Basharat Bashir

The Revolutionary

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Faiz Ahmad Faiz

Whenever there is any revolutionary course on its formation, poetry of Faiz is reborn as a guide and encouragement for revolutionaries. Even in recent Anti CAA (Citizenship Amendment Act) protests mainly lead by students and women protestors, poems of Faiz are being recited. Faiz Ahmad Faiz was a Pakistani revolutionary poet, and author. He was one of the most celebrated writers of the Urdu language in Pakistan. Outside literature, he has been described as “a man of wide experience” having been a teacher, an army officer, a journalist, a trade unionist and a broadcaster.

Born in PunjabIndia in 1911, Faiz went on to study at Government College and Oriental College. He went on to serve in the British Indian Army. After Pakistan’s independence, Faiz became the editor to The Pakistan Times and a leading member of the Communist Party before being arrested in 1951 as an alleged part of conspiracy to overthrow the Liaquat administration and replace it with a left-wing government.

Faiz was released after four years in prison and went on to become a notable member of the Progressive Writers’ Movement and eventually an aide to Bhutto administration, before being self-exiled to Beirut. Faiz was an avowed Marxist, and he received the Lenin Peace Prize by the Soviet Union in 1962. His work remains influential in Pakistan literature and arts. Faiz’s literary work was posthumously publicly honoured when the Pakistan Government conferred upon him the nation’s highest civil award, Nishan-e-Imtiaz, in 1990.

Among many notable poems by Faiz, ‘Wa Yabqa Wajhu Rabikka’(the face of Lord) or commonly recognized as ‘Hum Dekhenge’ has gained a great interest among activists and protestors across India who are opposing  CAA. The controversial CAA guarantees citizenship to non Muslims who have came across to India from three neighboring countries while as ignoring Muslims. Many critics have denounced CAA and declared it to be unconstitutional. Anti CAA protests are being held across India, and poetry recitations have been an amazing characteristic of these protests.  The Nazm (Hum Dekhenge)was originally composed as a medium of protest against Zia Ul Haq’s oppressive regime and gained a great following after renowned singer Iqbal Bano’ performed it at Alhamra Arts Council in 1986, ignoring the ban on Faiz’s poetry. The Nazm also gained importance in protests against Parvez Musharraf.

The revolutionary poetry of Faiz Ahmad Faiz has always been recited in Southeast Asia when people rise to defend their rights and revolt against the oppressor. One can witness such a movement in New Delhi’s Jamia Millia Islamia a central university, were many walls read Faiz’s revolutionary phrases.

Hum dekhenge

Hum dekhenge

Lazim hai ki hum bhi dekhenge

Hum dekhenge

Wo din ke jis ka wada hai

Jo lau-e-azl mein likha hai

Hum dekhenge

Jab zulm-o-sitam  ke koh-e-garan

Rooi ki tarah ur jayenge

Hum dekhenge

Hum mehkoomon ke paaon tale

Ye dharti dhar dhar dharkegi

Aur ahl-e-hakam k sar oopar

Jab bijli kar kar karkegi

Hum dekhenge

Bss naam rahega Allah ka

Jo ghyaib bhi hai hazir bhi

Jo manzar bhi hai nazir bhi

Utthega an-al- haq ka nara

Jo main bhi hoon aur tum bhi ho

Aur raj karegi khalq-e-khuda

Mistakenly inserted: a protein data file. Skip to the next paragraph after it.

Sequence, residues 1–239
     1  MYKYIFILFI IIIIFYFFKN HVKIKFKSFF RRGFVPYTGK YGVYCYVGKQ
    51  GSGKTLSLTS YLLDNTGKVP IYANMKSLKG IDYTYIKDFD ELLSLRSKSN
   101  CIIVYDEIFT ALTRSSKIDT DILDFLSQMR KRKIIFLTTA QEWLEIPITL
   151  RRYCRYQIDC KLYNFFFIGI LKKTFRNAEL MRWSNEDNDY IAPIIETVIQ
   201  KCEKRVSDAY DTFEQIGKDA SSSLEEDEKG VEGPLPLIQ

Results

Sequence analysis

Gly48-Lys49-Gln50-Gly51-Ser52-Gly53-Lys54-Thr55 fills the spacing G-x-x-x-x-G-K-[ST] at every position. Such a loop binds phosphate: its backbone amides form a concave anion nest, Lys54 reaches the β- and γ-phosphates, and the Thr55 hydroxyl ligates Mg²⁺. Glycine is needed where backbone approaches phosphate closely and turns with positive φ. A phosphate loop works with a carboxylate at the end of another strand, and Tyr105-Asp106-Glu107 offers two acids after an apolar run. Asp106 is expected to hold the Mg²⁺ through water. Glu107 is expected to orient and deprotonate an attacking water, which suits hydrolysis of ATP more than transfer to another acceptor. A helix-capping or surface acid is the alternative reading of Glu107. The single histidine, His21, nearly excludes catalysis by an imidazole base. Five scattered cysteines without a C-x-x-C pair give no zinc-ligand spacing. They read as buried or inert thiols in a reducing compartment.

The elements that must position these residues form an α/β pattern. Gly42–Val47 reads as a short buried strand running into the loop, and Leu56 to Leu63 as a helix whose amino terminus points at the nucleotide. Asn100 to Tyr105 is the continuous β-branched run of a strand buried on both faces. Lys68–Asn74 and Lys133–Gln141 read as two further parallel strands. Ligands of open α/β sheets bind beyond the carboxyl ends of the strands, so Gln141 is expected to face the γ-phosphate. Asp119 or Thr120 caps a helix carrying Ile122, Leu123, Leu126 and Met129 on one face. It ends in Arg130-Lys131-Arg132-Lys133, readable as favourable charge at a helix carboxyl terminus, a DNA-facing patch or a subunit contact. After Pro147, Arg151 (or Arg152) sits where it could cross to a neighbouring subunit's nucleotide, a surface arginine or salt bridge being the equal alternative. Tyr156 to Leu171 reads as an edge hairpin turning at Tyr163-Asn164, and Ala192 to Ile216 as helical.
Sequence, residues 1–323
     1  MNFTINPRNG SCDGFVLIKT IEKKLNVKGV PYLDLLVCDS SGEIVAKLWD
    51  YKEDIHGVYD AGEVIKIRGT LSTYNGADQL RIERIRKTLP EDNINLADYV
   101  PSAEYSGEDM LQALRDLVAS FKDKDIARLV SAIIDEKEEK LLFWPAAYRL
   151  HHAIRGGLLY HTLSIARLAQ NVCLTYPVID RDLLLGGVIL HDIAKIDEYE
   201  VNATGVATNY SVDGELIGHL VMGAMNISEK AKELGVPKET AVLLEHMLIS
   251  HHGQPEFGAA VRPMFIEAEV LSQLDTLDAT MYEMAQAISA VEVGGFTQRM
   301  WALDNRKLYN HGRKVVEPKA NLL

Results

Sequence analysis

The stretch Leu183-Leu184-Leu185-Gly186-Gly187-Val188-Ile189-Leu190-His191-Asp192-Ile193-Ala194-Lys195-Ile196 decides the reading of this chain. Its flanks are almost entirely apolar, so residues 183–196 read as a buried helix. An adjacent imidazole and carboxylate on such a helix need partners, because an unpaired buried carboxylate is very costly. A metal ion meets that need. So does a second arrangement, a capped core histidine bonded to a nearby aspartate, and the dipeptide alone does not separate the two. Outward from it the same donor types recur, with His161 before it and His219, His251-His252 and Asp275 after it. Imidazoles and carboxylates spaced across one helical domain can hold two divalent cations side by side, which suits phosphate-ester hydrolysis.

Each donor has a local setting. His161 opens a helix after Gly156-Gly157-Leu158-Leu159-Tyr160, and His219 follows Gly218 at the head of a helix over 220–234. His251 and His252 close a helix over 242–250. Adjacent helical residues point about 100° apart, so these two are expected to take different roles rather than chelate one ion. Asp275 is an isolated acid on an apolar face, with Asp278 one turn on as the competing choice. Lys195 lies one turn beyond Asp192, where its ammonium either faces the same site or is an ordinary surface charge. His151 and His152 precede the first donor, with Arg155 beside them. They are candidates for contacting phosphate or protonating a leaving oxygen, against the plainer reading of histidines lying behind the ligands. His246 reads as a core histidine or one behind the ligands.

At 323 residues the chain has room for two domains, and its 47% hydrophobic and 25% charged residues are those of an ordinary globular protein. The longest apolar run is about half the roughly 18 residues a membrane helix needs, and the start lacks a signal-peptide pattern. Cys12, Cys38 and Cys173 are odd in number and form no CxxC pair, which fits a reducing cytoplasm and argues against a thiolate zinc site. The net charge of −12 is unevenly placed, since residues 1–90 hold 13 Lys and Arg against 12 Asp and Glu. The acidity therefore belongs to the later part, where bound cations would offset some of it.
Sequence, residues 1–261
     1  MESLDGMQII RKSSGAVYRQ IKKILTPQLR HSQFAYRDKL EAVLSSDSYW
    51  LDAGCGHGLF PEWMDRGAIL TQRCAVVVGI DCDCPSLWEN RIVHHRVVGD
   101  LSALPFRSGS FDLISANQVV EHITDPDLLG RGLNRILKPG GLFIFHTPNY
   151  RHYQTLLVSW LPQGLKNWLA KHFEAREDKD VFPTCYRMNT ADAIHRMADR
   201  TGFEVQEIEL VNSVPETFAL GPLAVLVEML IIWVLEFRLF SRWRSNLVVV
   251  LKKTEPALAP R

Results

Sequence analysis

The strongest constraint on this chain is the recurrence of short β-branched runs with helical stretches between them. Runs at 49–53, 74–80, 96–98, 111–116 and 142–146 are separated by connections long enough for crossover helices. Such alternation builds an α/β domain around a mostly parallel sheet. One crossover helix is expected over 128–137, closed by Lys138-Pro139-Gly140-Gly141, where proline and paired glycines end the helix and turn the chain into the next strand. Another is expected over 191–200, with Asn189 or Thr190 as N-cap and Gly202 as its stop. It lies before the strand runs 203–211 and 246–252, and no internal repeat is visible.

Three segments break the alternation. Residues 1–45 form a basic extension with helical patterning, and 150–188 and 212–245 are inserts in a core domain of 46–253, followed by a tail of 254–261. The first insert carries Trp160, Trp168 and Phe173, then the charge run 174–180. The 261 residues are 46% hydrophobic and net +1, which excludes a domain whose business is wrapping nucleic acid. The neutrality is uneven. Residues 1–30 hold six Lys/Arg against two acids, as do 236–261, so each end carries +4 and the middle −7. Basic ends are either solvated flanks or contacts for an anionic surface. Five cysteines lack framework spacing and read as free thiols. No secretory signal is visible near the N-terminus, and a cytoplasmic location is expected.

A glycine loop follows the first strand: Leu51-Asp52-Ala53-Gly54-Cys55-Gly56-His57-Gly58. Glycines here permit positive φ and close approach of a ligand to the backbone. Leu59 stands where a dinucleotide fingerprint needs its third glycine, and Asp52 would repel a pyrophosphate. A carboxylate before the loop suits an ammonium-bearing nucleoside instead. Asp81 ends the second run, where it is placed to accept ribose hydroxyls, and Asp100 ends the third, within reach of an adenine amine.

Jo me bhi hun aur tum bhi ho

Hum dekhenge, hum dekhenge


Guernica, a mural sized painting in 1937, by Picasso is regarded by many art critics as one of the most powerful anti-war painting in history.  The painting illustrates the suffering of innocent people of a little village of Guernica, in Spain.   The bombing of Guernica on April 26, 1937 by Nazi Germany along with Italy at the request of Spanish greatly disturbed Picasso and in response to the bombing and killing of innocents Picasso painted Guernica, while he was in Paris.

The gray, black, and white painting portrays the suffering of people and animals wrenched by chaos. Its said that at the time of bombing majority of Guernica’s men were away, fighting on behalf of the Republicans, and the town was populated mostly by women and children. These demographics are reflected in Guernica. As a German-born author, art and film theorist Rudolf Arnheim writes, for Picasso: “The women and children make Guernica the image of innocent, defenseless humanity victimized. Also, women and children have often been presented by Picasso as the very perfection of mankind. An assault on women and children is, in Picasso’s view, directed at the core of mankind.

 The Third of May 1808

The third May of 1808 is a painting completed in 1814 by the Spanish painter Francisco Goya, now in the Museo del Prado, Madrid In the work, Goya sought to commemorate Spanish resistance to Napoleon‘s armies during the occupation of 1808 in the Peninsular War. Along with its companion piece of the same size, The Second of May 1808 (or The Charge of the Mamelukes), it was commissioned by the provisional government of Spain at Goya’s suggestion.

The painting’s content, presentation, and emotional force secure its status as a groundbreaking, archetypal image of the horrors of war. Although it draws on many sources from both high and popular art, The Third of May 1808 marks a clear break from convention. Diverging from the traditions of Christian art and traditional depictions of war, it has no distinct precedent, and is acknowledged as one of the first paintings of the modern era.  According to the art historian Kenneth Clark, The Third of May 1808 is “the first great picture which can be called revolutionary in every sense of the word, in style, in subject, and in intention”.

The Third of May 1808 has inspired a number of other major paintings, including a series by Édouard Manet, and Pablo Picasso‘s Massacre in Korea and Guernica.


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